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Old 29-05-2008, 05:46   #1
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Question Big boat! Old Boat! Restoration Project?

Not totally committed to this project but seriously considering taking the plunge. The boat is a '67 31' Chris Craft Commander. It's been out of the water for just a year (owner bought a bigger boat). I don't have too many details on it and have a qualified marine engineer going to have a look at it this week before we make the committment to go see it for ourselves (about 500 miles south of us).

We have been told that one engine (327 chevy) needs a head! Hmmm? Not a hurdle I can't get over, been there, done that. I'm figuring on replacing both. Anyhow, anyone done a restoration on an older boat like this? Wondering what pitfalls or signs I should look for that'd be a deal breaker? Signs of water intrusion around the windows and portlights are something I'd pay special attention to, things like that.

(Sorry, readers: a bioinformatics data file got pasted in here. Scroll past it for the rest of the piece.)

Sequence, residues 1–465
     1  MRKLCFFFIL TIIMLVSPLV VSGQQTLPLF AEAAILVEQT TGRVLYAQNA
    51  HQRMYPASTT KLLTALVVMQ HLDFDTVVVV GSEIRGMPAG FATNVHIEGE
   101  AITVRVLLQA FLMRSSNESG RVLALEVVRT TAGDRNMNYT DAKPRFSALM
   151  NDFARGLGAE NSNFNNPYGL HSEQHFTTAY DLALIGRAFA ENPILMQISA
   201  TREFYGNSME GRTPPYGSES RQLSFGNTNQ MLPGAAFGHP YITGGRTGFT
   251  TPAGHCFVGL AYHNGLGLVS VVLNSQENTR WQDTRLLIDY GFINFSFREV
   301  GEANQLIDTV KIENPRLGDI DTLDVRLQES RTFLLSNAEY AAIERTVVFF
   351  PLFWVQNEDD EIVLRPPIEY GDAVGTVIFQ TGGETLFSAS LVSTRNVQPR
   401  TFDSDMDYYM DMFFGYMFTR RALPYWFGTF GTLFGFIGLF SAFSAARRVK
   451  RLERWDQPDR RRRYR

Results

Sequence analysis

According to the owner it is in good shape with the exception of the head on one engine and was used up to the time it was hauled. There's no batteries and all the nav, mooring, safety equipment has been taken off. Again not an insurmountable hurdle. My concerns is she seaworthy enough to do 450 NM up the Hudson, Erie Canal, Lake Ontario and St. Lawrence Seaway to get her home! I guess we'll have to wait and see but if anybody is familiar with this type of boat or has done a restoration we'd appreciate hearing about your experiences.
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Old 29-05-2008, 06:09   #2
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31' Commander: Commander Models

Guidance on Inspection, Repair, and Maintenance of Wooden Hulls
NVIC 7-95
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Old 29-05-2008, 06:25   #3
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31' Commander: Commander Models